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Jack Ranger

Tapping the Wall St. Wire

Notes on Next M-Day

(30 August 1948)

From Labor Action, Vol. 12 No. 35, 30 August 1948, p. 3.
Transcribed & marked up by Einde O’ Callaghan for the Encyclopaedia of Trotskyism On-Line (ETOL).

A few weeks ago in Chicago the armed forces’ Industrial College held a special, semi-secret two-week industrial and economic mobilization course for big businessmen.

Only one newspaper, the Chicago Journal of Commerce, covered the event, and that paper was permitted to discuss only certain portions of the information divulged. Interesting facts about the plans of industrial and military men for the coming war were divulged in the Journal’s series.

The student body consisted of 140 “civilian conferees” – executives from seven banks, two large merchandising firms, four utilities, five railroads and 80 manufacturing and other companies, together with seven universities. About 140 high-ranking reserve officers also attended.

Competition among industrialists to attend was reported “very keen,” the reason no doubt being that attendance would place a halo of “know how” around the persons and companies represented, and would also give them “connections” with the nation’s military leaders in charge of placing war orders.

It is significant that the favored companies were instructed to send not their chiefs but the “heirs apparent” in the next decade. This might indicate that the U.S. political and military leaders do not contemplate any immediate armed conflict with Stalin’s government.

Tooling Up for War

Army lecturers revealed that the productive capacity of 7,780 American manufacturing plants had already been tentatively allocated to one or more of the three military services in the program of economic mobilization which began last winter. Allocation of the principal production facilities of some 11,000 additional factories is in process, with the overall goal embracing 22,000 establishments.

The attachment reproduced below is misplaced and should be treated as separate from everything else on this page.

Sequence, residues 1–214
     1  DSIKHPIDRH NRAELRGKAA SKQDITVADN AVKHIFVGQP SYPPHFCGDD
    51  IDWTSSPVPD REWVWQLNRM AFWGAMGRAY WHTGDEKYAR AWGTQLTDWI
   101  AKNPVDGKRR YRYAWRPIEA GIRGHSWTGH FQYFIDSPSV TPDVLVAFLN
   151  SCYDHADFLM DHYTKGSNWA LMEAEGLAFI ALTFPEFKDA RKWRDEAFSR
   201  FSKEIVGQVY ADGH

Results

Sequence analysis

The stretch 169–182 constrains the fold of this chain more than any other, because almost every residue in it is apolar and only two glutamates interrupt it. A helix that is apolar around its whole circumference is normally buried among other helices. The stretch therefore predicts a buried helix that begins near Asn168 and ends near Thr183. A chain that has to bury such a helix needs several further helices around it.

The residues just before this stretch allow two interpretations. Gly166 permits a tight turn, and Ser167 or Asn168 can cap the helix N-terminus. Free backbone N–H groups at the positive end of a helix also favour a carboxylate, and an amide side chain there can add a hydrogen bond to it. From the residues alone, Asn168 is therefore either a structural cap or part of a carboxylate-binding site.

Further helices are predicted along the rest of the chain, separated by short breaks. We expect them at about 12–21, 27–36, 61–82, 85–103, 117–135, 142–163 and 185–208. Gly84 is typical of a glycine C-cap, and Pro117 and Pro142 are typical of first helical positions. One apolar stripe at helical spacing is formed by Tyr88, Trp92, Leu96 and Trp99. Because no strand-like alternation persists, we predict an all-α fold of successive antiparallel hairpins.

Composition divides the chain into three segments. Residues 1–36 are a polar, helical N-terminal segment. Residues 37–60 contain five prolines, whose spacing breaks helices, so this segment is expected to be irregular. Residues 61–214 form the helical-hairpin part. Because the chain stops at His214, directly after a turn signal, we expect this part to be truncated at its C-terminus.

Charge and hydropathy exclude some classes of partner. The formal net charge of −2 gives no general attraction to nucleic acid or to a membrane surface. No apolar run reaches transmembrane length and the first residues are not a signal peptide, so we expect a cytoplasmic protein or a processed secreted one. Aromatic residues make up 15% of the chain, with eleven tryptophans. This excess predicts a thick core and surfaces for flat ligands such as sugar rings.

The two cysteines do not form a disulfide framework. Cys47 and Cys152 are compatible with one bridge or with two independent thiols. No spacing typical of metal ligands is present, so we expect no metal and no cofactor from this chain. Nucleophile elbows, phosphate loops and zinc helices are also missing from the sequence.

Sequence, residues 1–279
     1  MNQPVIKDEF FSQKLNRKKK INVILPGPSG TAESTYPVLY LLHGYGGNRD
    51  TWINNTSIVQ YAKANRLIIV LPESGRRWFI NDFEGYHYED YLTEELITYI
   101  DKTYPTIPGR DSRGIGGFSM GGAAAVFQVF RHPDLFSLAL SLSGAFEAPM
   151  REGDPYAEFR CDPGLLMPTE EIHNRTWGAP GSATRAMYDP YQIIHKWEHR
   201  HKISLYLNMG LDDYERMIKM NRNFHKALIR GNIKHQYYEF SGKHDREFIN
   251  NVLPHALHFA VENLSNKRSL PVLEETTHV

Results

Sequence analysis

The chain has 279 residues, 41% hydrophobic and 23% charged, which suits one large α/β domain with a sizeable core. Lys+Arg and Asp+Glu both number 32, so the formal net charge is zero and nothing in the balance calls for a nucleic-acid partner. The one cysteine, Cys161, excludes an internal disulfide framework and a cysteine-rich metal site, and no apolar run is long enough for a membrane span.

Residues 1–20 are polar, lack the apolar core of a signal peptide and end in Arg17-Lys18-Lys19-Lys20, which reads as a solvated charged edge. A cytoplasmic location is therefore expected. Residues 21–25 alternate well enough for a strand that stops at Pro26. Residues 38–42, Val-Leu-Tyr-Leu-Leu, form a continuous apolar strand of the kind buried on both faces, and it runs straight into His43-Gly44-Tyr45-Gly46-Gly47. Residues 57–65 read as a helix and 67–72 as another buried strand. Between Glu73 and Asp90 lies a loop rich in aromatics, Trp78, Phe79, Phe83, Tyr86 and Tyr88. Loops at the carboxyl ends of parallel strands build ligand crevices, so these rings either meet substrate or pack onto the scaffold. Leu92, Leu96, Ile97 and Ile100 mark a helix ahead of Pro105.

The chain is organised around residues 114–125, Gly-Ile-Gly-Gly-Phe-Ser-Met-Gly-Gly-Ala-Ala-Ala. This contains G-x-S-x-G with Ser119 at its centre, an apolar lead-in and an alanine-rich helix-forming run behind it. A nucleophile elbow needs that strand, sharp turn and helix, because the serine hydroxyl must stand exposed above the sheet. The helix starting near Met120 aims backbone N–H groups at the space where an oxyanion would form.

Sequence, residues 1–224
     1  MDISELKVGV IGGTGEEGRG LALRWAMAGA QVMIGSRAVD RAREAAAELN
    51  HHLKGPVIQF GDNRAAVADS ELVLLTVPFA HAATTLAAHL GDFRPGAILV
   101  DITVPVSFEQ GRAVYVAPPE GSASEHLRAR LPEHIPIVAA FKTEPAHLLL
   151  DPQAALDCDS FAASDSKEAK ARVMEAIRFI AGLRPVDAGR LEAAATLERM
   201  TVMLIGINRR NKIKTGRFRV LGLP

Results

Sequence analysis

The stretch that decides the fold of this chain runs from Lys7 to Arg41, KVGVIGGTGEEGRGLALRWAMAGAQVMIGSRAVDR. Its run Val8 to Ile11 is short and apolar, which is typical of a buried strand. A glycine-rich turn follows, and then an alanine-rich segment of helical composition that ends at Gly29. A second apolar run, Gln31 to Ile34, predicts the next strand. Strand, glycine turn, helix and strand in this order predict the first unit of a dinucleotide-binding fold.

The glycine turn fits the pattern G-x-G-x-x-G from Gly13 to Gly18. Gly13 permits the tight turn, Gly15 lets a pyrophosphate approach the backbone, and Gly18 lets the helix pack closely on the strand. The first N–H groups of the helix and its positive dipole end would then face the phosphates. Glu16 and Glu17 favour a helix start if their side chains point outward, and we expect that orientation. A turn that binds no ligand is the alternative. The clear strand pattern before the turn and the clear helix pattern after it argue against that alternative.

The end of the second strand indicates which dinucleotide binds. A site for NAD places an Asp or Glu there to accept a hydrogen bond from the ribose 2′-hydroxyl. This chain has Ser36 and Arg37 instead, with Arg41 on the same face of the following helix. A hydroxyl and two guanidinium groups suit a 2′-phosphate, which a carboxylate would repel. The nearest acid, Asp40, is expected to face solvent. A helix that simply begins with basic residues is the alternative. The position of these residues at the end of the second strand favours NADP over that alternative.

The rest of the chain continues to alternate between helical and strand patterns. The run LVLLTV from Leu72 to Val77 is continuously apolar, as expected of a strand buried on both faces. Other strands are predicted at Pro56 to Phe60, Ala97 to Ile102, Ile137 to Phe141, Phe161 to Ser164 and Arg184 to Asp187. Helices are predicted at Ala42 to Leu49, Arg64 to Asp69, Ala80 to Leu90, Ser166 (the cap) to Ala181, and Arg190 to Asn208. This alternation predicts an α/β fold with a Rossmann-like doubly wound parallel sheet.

The allocation process includes a concrete agreement providing for the major part of a plant’s industrial capacity to produce a specific item of munitions at a specific rate of output, according to the Journal. The corps of engineers is planning requirements for a period described as M-Day plus two years, and is vigorously pushing the allocation program through six area procurement offices.

In preparation for the coming war, the Army-Navy Machine Total Committee has set itself the objective of stockpiling 182,000 tools as a national reserve. In addition to the equipment already acquired, the military has impounded in cosmoline the war production machine tools of 161 large plants.

(Naturally these war preparations do not bring sobs from the machine-tool builders. The last war saved their financial necks. In the depression years their annual sales went down to only $22,000,000. By 1942 sales had increased 65-fold, to $1,320,000,000, and in 1947 were at a level above $300,000,000.)

One of the most interesting talks must have been that made by Lt.-Col. James Massey, He warned his audience that if the armed forces and industry consumed as much of the nation’s natural resources in another war as they did in the Second World War, “we’ll be bankrupt. We wasted as much as we used.”

Bedrock Economy

If and when the United States is called upon to fight another major war, the American standard of living will be cut to bedrock, he said. Massey and other brass made it clear that the civilian economy would take second place in the war. Commander W.T. Greenhalgh said that the conversion to “bedrock economy” would be “quick, brutal and absolute.”

The lectures on manpower were not reported, but they must have hinted at plans ominous for the future of the labor movement and of civil liberties.

Apparently, the bankers, industrialists, politicos and military men are seriously concerned about the possibility of a “collapse of the home front” in the event the nation suffers the rigors of atomic war. Commander Gold said that present planning was directed solely toward victory, “with the single reservation that the home front must be guarded against collapse, as the civilian economy of Germany collapsed in earlier wars.”

That is the classic position of the capitalist class in wartime: Victory if possible, but by all means hold the lid down at home.

As in the last war, it is probable that the political leaders of the nation will not be able to apply a rigid, preconceived plan designed to strap the people into the strait-jacket of war. Rather it will be an inch-by-inch affair, with democratic rights and civil liberties being progressively withdrawn. At the rate events are moving – Taft-Hartleyism, Goldsborough injunctions, red-baiting, the draft, both parties committed to universal military training – the process has already been set in motion. If the course of affairs is not challenged sharply in the near future by the creation of a national labor party, the worst of the new plans will be able to be pushed through.

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Last updated: 25 May 2018